2015 is set to see the wider roll out of a new social networking platform called Ello, a platform that has being advert-free at its very core. As attractive as that may seem to some users, are enough of them likely to migrate to cause Facebook to review its online strategies and how much it intrudes on to people’s timelines?
Ello is it me you’re looking for?
Well the first thing to note is that Ello should be taken seriously; indeed it has recently been identified as one of the 7 social media trends for 2015 by Forbes magazine, so we know that it is unlikely to merely be a flash in the pan. It carries quite a serious sounding manifesto that promises no advertising anywhere, no mining for and saving of data, as well as having no algorithm behind the scenes that controls the content that you see on a given page.
Related to this, we must also acknowledge that there is a portion of the Facebook user group that does not like the current level of intrusion, with adverts appearing mid-timeline and to the right hand side that cannot be ignored.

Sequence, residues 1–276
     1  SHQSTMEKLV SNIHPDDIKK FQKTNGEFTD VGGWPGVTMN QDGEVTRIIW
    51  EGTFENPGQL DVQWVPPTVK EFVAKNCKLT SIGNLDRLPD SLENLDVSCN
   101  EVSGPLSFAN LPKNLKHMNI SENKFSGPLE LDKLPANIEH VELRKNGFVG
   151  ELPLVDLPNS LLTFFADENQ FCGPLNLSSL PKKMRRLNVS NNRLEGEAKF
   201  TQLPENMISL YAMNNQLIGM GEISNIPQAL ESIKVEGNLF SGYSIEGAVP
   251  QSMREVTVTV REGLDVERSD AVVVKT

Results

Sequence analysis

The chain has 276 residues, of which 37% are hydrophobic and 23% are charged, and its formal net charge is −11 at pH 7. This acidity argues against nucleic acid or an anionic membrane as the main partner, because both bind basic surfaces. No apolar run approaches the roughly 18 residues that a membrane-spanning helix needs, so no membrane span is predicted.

Should Facebook be concerned?
However, it would seem that Facebook are not too concerned. Barring an issue with removing certain users from the network for not using their real names, which gave Ello some inadvertent publicity, they are continuing right on without deviation. In fact they have recently announced a reduced organic reach for company posts, pushing businesses towards advertising investment to see any tangible marketing success on the platform.
Overall, given the deep roots that Facebook has in the lives of the majority of its users – just take the new Messenger app for example, which is hugely popular despite requiring access to a startling amount of a user’s personal data before granting them access – it is hard to see Ello changing the playing field too much in the immediate future. Even if it did, there would doubtless come a time when some of the world’s major brands would want to tap into those users, and that would be hard for Ello to resist, even though it would mean abandoning its original manifesto. Ello may not be a game changer in the next 12 months, but it is certainly one to watch.